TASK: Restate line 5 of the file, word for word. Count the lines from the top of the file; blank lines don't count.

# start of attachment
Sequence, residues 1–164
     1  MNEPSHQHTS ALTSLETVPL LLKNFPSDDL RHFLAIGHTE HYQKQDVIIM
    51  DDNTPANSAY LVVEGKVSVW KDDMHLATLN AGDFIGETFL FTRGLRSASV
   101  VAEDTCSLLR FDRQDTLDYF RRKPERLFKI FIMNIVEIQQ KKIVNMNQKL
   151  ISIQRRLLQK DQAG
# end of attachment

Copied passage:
   151  ISIQRRLLQK DQAG